Always Move from Concrete to Abstract: Use objects to teach first sound concept; Then use objects to teach concept of “middle” and “final” sounds: Use three objects students know Line them up. Indicate the “beginning” (left end) Then show beginning, middle final, using objects Ask students to change them around :Put cup in the middle; put pencil at the end. Keep directions simple, consistent. Switch to alphabet letters when the concept seems clear.
Some More Tips: Very gradually have students build up sight word knowledge: Survival words, family names, words they see in their environment (Street names, name of the school, names of stores) These are learned like pictures. Students learn to pronounce by listening to you, NOT by sounding out. As motor skills develop, they can add to learning by copying these words.
More on Sight Words Sight words are IN ADDITION TO all the other skills they are learning. As they gain mastery of beginning sounds, sight words can be sorted that way; Sight words can be part of the auditory discrimination practice--same/different Help student make visual record of sight words learned: stickers, bar graph (concept, not whole graph), words on a ring, etc.
Here’s an Idea: Non-literate persons are mostly unaware of print in their environment. As your learners master some sight words in the classroom, create a scavenger hunt for them outside of the classroom: Make sure you have words that are easily found: Exit, Men, Women, Stop, Street, One Way, Hours, etc. Students have words on a list and cross them off or put a sticker next to each one they find outside the classroom. Be sure to teach them how to do this. Do it in the classroom with them, and then outside the classroom with them until they catch on.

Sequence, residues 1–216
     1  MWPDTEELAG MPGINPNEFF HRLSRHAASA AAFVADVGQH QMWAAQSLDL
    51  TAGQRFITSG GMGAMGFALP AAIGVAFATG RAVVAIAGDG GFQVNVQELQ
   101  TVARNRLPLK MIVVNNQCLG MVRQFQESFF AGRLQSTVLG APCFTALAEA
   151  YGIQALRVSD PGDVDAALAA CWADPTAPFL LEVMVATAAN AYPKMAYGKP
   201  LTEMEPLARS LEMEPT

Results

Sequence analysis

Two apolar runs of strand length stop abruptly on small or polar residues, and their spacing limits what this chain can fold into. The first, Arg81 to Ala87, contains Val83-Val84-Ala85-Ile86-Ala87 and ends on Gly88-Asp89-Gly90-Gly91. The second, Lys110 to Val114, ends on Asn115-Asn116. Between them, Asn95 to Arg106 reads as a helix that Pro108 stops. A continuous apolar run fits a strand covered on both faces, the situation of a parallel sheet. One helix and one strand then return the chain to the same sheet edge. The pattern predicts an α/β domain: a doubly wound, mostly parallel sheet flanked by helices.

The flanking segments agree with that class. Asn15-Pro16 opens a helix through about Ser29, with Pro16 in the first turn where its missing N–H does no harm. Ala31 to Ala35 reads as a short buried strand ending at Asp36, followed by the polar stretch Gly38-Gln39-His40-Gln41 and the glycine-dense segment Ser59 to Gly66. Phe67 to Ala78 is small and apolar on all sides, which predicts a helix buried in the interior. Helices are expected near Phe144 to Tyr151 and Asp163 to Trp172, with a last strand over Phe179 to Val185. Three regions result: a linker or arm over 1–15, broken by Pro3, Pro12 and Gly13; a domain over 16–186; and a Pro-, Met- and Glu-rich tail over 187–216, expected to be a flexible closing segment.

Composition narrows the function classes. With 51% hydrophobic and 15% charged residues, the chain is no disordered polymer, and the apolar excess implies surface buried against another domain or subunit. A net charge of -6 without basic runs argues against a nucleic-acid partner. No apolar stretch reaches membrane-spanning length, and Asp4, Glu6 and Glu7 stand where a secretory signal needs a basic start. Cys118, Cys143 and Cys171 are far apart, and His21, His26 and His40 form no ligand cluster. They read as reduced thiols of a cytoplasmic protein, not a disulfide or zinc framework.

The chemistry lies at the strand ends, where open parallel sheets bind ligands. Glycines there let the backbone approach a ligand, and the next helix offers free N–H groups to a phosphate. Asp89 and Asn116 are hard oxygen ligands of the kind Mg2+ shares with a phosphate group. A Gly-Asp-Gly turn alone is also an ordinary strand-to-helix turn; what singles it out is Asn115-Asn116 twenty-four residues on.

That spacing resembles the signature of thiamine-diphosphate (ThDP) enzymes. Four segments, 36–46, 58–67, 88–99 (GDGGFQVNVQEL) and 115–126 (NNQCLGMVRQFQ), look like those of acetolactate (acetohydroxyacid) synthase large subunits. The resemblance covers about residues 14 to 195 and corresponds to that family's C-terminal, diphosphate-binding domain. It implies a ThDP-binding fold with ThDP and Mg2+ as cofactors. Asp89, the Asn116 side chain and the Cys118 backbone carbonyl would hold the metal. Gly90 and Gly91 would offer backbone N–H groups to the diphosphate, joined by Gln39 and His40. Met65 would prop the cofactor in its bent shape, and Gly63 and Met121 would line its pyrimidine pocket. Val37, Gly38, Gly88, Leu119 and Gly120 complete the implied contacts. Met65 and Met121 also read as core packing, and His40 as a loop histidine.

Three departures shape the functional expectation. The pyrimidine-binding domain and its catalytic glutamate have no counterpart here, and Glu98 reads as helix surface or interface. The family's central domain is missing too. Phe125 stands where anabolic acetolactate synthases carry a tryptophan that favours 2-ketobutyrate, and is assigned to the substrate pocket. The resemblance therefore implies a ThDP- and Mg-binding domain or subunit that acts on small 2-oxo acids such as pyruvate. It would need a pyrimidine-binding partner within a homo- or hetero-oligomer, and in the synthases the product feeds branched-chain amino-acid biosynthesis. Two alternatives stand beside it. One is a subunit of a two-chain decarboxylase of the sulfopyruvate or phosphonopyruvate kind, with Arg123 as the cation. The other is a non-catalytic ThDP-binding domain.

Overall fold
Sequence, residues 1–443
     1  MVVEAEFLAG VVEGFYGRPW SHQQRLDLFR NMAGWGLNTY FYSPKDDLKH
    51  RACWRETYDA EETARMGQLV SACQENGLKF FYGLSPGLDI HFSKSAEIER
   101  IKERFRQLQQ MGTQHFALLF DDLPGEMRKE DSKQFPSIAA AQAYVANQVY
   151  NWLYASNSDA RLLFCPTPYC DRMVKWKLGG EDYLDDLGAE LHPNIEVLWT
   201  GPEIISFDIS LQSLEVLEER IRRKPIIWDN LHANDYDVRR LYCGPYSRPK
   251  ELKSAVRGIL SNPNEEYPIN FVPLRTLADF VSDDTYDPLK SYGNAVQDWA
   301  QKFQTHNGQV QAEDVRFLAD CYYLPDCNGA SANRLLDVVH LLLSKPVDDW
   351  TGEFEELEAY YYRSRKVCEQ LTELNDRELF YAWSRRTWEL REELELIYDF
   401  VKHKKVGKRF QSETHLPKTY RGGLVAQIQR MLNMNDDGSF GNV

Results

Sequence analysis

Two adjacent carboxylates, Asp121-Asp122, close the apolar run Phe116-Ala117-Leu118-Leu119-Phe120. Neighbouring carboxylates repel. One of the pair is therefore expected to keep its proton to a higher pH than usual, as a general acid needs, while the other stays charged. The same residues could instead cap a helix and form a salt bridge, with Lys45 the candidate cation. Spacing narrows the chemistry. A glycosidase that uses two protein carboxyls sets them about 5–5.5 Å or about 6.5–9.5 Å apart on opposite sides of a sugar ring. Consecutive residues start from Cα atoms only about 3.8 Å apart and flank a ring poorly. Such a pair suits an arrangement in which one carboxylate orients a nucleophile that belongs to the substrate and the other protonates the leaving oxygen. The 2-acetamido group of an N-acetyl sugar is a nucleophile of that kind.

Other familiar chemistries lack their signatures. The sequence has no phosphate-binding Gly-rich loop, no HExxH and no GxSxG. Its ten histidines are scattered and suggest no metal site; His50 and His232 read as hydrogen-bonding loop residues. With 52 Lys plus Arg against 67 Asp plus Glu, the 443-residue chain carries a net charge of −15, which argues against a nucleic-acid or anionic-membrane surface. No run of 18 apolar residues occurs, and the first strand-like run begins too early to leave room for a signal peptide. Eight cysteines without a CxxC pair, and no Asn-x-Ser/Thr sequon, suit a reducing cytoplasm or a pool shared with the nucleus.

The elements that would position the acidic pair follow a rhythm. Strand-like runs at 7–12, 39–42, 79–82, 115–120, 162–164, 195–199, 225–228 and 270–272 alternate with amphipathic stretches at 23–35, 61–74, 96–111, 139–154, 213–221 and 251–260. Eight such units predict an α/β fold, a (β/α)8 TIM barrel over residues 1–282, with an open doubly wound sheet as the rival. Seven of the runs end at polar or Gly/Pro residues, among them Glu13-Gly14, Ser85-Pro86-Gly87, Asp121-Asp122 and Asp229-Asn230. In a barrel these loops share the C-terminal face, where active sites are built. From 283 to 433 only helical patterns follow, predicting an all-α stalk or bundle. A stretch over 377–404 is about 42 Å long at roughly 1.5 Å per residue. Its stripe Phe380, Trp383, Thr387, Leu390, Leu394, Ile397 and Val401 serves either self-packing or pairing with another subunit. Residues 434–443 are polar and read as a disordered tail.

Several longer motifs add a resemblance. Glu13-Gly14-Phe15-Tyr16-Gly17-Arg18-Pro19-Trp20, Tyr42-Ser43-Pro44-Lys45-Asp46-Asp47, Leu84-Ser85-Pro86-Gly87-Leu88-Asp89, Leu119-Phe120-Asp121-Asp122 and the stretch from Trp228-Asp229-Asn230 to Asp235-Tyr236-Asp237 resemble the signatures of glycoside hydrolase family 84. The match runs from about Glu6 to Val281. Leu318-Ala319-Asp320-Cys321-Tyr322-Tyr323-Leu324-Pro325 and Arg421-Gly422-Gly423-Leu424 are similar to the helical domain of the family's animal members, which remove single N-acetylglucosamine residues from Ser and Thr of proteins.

Acquiring Skills is NOT Boring! Don’t be afraid to have learners practice skills in many ways! For example: sort pictures by beginning sound (and learn the items in the pictures); play bingo with beginning sounds/pictures; make collages of pictures beginning with one sound They will be motivated by their improvement and by increasing understanding of what they are doing. All these activities involve school skills,too
Moving into “Real” Reading Without automaticity in these basic skills, reading and writing will remain difficult!! Use sight words to make simple sentences. Keep reading highly personal, relevant, concrete until you sense that the concept that reading conveys a message is being understood. Calling words is NOT reading!! Sounding out words is NOT reading!! Using text to get information IS reading.
Thank you! This has been a quick overview of a VERY complex issue. I hope you have gotten enough information to know that you need to Start at the VERY beginning Move slowly Address all learning channels Enjoy watching adults begin to move into literacy!!
Bibliography/Resources Building Phonological Awareness (These are not specifically for non/preliterate adult ESOL, but have excellent ideas--even pictures, to show how phonological skill building is done.--Just avoid using ideas needing TEXT.) Tolman, C. (2005). "Working Smarter, Not Harder: What Teachers of Reading Need to Know and Be Able to Teach." Perspectives 31(4): 15-23. Edelen-Smith, P. (1997). "How Now Brown Cow: Phoneme Awareness Activities for Collaborative Classrooms." Intervention in School and Clinic 33(2): 103-111. www.bdainternationalconference.org/2001/presentations/thu_p1_b_2. htm www.bdainternationalconference.org/2001/presentations/thu_p1_b_2. htm
Resources, Cont. Adult English Language Learners with Limited Literacy. Martha Bigelow and Robin Lovrien Schwarz. Reading and Adult English Language Learners: The Role of the First Language: http://www.cal.org/caela/esl_resources/digests/reading.html Teaching Low Level Adult ESL Learners: www.cal.org/cae la/esl_resources/digests/HOLT.html What Non Readers or Beginning Readers Need to Know: www.springinstitute.org/Files/whatnonreaders2.pdf
Resources, cont. American Handwriting Slow and Easy, Janette Haynes (out of print--locate at Amazon.com/textbooks) Making It Real: Teaching Pre-Literate Adult Refugee Students, Croyden, Treat & Bell--Tacoma Community House Training Project